Other new followers had blogs which I instantly checked out; I found something rather peculiar. A tiny handful of them had somewhat interesting posts, sure, but they also had loads, and I mean loads, of comments which were unanimously: “thank you for following my blog!”

Oh, that’s what this is, I thought. People aren’t following me because I’m an as-of-yet-undiscovered-genius; they are following me so that I follow them. Then it hit me, aha! I have had this feeling before!

I was sitting on the dirt next to a tree on the sidewalk in downtown Madison, Wisconsin. It was night time, so the only lighting was a juicy mix of streetlights and store lights, maybe some Christmas decorative lights as well, even though it was the later part of sweet early June.

I was selling necklaces that I had made; living out of a van with my guitar-playing gypsy boyfriend and a new puppy. A girl came up to me that evening and spent a lot of time asking me about each necklace; where I was when I made it, where I got the beads, how they would affect someone’s energy, and so on. She just wanted to know it all, and I was incredibly touched that a stranger was so kind and curious; and yet there was something strange. She was asking question after question, but wasn’t really engaging with the answers. I was just happy to be talking to someone.

After about a half hour of this flowery girl talk, she told me that she had come to tell me that there was one true savior and that he wanted me to be saved. My heart broke. It broke in half and fell to the bricks, oozing down into the crevices with leftover cigarette ash and dog pee. It made me hate her and anyone like her. I would not have minded had she walked up to me with a bible, stating her point, even if she wanted to yell at me or make fun of me. But she took the trouble to engage me in conversation, to find what mattered to me, and only then tell me her true purpose for starting the conversation.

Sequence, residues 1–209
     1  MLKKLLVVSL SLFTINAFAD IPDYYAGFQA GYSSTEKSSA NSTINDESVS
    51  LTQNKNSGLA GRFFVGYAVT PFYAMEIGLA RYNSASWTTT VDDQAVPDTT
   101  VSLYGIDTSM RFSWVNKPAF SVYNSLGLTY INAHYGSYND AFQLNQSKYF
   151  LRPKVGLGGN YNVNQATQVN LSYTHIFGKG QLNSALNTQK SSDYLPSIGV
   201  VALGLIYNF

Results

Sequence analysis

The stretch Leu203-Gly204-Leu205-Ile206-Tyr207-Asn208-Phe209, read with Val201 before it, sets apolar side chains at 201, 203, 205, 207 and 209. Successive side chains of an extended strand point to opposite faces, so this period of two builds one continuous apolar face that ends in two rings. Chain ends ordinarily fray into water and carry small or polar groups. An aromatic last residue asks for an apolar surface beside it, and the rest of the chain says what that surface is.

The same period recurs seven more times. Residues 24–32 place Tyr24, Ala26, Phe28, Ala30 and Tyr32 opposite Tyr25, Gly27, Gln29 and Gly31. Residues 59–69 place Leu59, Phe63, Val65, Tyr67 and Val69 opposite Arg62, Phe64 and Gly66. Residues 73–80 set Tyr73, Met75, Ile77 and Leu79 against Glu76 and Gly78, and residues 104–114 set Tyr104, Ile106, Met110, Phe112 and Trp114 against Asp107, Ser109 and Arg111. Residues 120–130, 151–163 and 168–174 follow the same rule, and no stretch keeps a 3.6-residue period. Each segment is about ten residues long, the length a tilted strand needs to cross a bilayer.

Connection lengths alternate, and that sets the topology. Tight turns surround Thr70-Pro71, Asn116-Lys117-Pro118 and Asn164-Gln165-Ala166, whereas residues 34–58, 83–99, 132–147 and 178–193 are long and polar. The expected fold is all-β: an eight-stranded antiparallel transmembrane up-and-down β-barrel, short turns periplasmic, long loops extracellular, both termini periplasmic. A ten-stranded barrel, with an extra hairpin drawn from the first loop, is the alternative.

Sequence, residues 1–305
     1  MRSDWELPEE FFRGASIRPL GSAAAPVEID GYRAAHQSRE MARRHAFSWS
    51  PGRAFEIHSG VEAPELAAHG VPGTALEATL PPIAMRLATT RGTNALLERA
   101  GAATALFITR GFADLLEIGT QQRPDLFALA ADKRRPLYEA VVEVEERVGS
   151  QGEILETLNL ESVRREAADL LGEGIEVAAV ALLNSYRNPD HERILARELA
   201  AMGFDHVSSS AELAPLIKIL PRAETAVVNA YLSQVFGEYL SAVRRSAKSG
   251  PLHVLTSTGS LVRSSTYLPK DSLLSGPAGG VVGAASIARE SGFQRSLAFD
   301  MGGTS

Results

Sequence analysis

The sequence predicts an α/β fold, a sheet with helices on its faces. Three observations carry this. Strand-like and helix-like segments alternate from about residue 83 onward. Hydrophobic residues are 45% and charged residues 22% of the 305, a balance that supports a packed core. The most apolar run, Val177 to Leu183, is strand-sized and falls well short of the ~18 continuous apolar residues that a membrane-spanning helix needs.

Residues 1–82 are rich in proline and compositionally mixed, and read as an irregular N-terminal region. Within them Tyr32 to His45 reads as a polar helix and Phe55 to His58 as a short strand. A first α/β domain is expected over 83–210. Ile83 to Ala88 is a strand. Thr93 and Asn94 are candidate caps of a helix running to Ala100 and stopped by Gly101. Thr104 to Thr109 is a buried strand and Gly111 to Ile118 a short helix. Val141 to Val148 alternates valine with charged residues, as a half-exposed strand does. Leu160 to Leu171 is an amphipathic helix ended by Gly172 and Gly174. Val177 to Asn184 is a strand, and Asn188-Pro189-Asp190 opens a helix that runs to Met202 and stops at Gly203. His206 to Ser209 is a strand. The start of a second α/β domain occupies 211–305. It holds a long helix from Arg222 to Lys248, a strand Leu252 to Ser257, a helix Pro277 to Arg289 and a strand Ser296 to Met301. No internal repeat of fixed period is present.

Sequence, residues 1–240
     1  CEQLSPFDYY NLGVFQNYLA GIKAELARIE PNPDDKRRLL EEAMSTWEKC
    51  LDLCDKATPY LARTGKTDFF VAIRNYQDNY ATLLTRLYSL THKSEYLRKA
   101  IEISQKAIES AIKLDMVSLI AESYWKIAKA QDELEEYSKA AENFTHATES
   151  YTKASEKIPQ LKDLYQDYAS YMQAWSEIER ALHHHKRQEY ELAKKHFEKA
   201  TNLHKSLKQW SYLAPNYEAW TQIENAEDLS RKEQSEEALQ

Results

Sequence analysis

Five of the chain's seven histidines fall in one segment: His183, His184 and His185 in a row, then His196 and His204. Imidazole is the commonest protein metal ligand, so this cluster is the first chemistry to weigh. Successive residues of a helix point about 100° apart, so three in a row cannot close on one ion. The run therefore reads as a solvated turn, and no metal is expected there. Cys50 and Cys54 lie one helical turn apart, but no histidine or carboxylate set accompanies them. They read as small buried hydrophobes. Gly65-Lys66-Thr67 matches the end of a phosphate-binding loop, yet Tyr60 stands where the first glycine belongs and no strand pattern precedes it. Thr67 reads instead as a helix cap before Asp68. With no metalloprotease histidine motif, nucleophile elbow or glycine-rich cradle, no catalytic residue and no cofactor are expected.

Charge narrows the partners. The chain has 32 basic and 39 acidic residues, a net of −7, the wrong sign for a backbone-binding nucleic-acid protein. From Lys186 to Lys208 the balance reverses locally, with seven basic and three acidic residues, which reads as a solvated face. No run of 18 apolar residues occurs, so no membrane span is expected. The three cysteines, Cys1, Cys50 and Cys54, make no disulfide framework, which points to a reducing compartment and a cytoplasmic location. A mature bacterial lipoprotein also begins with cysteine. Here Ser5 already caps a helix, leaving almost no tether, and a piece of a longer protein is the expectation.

That was the feeling I got when I looked at a person that had just started following me and realized that they had made a day of following any blog that had made a new post. Except the girl at least had looked me in the eye.

Now, it’s really not such a big deal. I may even be imagining that there is anything wrong with that approach to blogging; maybe it is just a common practice and I am in the dark.

My concern that since habits start to form around the ways we relate, the more time we spend on social network sites, the more that these patterns become part of the fabric of our being. We start getting careless and mindless in one arena, and slowly that mentality spreads like a stain on the rest of our lives. I believe that we can use the act of blogging, and of doing anything on the computer, to become more aware of the present moment.